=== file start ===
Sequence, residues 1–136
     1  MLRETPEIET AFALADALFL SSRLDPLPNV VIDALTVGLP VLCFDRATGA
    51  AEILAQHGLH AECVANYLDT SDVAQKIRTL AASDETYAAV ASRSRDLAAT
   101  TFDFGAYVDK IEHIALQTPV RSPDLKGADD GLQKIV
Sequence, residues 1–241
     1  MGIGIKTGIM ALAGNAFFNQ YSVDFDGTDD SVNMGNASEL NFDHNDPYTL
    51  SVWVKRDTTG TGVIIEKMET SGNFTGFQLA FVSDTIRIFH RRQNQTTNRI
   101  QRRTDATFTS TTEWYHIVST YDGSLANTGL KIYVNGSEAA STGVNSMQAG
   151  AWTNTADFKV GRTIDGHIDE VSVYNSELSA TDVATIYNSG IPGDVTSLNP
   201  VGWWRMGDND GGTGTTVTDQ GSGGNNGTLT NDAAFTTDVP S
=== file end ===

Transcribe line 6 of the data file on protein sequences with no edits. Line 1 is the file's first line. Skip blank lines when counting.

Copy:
     1  MGIGIKTGIM ALAGNAFFNQ YSVDFDGTDD SVNMGNASEL NFDHNDPYTL